Item 7 is a different matter. This is something which is, or should be, testable in the present day. Experience should provide evidence to support or deny this claim. And I think there is evidence to support this claim (whether the same evidence also supports alternative beliefs is a different question, which I will address in the next post). Item 10 is much like it, although with an unseen causality chain built in. Someone's life being transformed is not necessarily evidence that the transformation was due to some action by Jesus.

But there can be no evidence to allow us to decide on the truth of claims 4, 5, 6, 8 or 9. Not just that there is no evidence, but there actually can be no evidence. These are articles of pure faith. Which have to be either accepted or rejected with no evidence. It is impossible, literally impossible, for us to know what will happen in the future. We have precisely no data on what happens to people after they die (note: Near death experiences don't count; I'll be addressing them in another post soon). You believe this as part of a package deal, or you don't. That's it. Future prophecies are unconfirmed, by their very nature, and thus don't provide evidence for anything. What happens after death must be taken entirely on faith.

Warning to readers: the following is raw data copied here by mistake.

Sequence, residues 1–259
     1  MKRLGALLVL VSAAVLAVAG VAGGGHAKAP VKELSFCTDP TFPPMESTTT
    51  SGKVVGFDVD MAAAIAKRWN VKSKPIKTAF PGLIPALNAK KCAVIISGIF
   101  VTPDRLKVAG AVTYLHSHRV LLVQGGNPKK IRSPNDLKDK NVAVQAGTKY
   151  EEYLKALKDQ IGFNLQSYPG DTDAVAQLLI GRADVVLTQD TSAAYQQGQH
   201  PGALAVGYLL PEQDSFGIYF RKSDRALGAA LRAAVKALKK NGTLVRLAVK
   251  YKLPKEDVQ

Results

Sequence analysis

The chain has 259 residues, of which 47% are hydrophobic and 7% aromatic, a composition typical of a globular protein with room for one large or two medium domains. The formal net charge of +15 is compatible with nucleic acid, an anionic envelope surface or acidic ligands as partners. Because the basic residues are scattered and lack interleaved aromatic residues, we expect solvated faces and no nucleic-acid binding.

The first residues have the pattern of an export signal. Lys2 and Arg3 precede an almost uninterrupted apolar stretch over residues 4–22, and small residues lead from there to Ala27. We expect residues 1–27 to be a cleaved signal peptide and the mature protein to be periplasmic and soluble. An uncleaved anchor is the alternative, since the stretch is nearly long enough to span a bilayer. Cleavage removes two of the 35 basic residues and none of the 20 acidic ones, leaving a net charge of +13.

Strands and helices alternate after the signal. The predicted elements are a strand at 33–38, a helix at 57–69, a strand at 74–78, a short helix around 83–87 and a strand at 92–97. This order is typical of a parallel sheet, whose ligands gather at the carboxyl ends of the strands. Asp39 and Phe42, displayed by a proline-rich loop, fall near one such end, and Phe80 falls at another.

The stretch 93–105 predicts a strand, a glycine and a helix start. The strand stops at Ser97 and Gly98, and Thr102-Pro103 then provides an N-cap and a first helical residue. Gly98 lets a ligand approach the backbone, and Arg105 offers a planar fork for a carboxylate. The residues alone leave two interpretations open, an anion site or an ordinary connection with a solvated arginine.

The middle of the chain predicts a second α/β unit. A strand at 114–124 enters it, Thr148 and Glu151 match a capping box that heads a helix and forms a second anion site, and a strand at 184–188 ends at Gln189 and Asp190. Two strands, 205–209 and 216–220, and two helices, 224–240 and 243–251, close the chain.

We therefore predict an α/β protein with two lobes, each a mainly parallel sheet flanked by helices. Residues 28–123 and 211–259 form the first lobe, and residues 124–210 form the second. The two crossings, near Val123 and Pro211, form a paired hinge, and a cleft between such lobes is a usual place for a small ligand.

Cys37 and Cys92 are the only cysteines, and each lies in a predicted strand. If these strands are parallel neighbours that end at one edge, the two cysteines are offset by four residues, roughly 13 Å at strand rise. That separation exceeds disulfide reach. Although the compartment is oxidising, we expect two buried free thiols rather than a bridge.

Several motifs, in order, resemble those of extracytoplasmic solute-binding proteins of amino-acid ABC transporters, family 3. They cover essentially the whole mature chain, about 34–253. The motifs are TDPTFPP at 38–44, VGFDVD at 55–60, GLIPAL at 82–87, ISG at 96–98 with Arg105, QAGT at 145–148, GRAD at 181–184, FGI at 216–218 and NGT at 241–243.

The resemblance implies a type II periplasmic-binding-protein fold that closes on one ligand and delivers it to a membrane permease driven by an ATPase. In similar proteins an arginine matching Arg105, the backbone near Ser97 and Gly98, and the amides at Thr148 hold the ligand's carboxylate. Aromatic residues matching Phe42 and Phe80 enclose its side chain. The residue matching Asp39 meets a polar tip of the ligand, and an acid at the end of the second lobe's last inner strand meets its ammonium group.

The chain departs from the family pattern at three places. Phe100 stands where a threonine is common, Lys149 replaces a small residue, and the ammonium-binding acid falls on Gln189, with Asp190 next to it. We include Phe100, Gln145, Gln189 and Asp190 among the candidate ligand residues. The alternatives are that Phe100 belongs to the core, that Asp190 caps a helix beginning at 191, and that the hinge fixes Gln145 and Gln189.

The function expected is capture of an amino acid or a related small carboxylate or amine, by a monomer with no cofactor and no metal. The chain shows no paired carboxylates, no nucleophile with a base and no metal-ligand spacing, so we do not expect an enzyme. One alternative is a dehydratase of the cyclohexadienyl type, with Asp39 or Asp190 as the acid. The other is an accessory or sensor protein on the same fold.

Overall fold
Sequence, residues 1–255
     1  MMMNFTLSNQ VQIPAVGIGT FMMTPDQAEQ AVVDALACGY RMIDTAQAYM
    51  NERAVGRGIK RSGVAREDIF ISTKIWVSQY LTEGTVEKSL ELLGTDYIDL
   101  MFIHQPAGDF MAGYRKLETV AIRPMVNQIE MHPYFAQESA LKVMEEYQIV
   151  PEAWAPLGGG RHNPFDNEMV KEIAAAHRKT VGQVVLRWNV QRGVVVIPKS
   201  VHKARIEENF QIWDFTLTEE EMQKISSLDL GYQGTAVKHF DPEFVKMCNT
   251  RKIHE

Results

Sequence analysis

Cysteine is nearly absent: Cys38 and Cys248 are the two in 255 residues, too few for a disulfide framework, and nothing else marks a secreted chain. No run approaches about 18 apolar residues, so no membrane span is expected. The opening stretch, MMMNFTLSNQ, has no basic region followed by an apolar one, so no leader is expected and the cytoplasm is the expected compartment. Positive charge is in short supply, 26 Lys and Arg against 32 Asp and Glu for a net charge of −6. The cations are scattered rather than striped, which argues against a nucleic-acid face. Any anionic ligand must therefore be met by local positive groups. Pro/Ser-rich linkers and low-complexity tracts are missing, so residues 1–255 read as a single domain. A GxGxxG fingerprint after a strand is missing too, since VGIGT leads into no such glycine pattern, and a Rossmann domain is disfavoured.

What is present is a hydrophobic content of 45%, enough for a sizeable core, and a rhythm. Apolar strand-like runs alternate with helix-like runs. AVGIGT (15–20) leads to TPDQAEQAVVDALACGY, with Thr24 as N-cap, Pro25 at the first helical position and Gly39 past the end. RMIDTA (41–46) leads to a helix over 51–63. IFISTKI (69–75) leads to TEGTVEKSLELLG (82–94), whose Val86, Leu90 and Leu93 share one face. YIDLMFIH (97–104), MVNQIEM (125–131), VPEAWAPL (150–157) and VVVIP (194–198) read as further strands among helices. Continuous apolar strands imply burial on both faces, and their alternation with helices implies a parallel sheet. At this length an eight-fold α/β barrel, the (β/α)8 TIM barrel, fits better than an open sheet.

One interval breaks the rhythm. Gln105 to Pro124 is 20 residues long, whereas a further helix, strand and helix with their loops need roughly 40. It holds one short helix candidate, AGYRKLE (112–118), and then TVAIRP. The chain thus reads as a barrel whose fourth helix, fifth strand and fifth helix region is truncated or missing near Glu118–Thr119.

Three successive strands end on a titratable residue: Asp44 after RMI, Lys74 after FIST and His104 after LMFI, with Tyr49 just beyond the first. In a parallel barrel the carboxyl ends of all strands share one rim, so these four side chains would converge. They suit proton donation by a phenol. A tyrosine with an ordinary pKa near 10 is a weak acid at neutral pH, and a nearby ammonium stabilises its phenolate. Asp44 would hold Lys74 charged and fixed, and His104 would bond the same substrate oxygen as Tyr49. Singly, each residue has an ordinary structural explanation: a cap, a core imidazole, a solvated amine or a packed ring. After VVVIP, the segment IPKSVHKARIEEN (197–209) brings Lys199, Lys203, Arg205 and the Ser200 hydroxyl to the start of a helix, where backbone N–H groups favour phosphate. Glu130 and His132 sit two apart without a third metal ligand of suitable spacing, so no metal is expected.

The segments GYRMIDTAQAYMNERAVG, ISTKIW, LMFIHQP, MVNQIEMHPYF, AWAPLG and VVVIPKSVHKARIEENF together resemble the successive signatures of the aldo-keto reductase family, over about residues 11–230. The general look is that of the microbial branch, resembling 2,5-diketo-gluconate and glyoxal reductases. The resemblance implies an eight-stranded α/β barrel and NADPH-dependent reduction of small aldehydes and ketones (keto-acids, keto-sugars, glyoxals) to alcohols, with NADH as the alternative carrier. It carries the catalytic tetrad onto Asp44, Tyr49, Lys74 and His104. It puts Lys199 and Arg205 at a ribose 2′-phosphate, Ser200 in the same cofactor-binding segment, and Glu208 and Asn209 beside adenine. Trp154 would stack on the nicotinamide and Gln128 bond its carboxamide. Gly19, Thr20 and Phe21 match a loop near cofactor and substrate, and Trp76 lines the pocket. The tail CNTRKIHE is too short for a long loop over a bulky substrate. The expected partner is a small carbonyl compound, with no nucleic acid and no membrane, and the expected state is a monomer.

What happened at the origin of all things is also something that is forever beyond our reach. There is no contemporary evidence that can prove, one way or another, whether any god was involved in the initiation of our universe, let alone give us any evidence as to which god it was. Again, belief in any creation or creator is a purely faith based position.